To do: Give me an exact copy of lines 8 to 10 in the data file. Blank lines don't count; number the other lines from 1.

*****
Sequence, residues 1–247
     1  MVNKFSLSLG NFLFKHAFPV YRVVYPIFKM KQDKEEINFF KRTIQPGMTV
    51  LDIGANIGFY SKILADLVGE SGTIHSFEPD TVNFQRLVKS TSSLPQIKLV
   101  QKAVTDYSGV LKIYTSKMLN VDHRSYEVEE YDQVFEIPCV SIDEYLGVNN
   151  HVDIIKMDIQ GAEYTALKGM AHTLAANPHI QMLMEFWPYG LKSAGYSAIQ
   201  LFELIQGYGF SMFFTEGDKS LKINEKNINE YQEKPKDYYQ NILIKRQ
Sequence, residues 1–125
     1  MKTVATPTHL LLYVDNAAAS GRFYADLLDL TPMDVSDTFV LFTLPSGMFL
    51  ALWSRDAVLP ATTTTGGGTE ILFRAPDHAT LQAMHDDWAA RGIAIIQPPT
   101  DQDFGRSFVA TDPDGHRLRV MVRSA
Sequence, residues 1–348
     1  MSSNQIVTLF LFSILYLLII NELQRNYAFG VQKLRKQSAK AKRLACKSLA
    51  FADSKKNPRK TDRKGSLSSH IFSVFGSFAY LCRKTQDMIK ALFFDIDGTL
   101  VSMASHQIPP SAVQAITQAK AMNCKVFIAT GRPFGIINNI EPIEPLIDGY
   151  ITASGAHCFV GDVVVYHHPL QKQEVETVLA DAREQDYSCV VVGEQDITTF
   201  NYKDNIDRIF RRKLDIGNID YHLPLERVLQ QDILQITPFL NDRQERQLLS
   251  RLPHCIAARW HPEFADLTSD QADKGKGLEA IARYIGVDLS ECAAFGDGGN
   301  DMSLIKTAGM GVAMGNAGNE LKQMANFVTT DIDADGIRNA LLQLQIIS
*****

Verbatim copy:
     1  MKTVATPTHL LLYVDNAAAS GRFYADLLDL TPMDVSDTFV LFTLPSGMFL
    51  ALWSRDAVLP ATTTTGGGTE ILFRAPDHAT LQAMHDDWAA RGIAIIQPPT
   101  DQDFGRSFVA TDPDGHRLRV MVRSA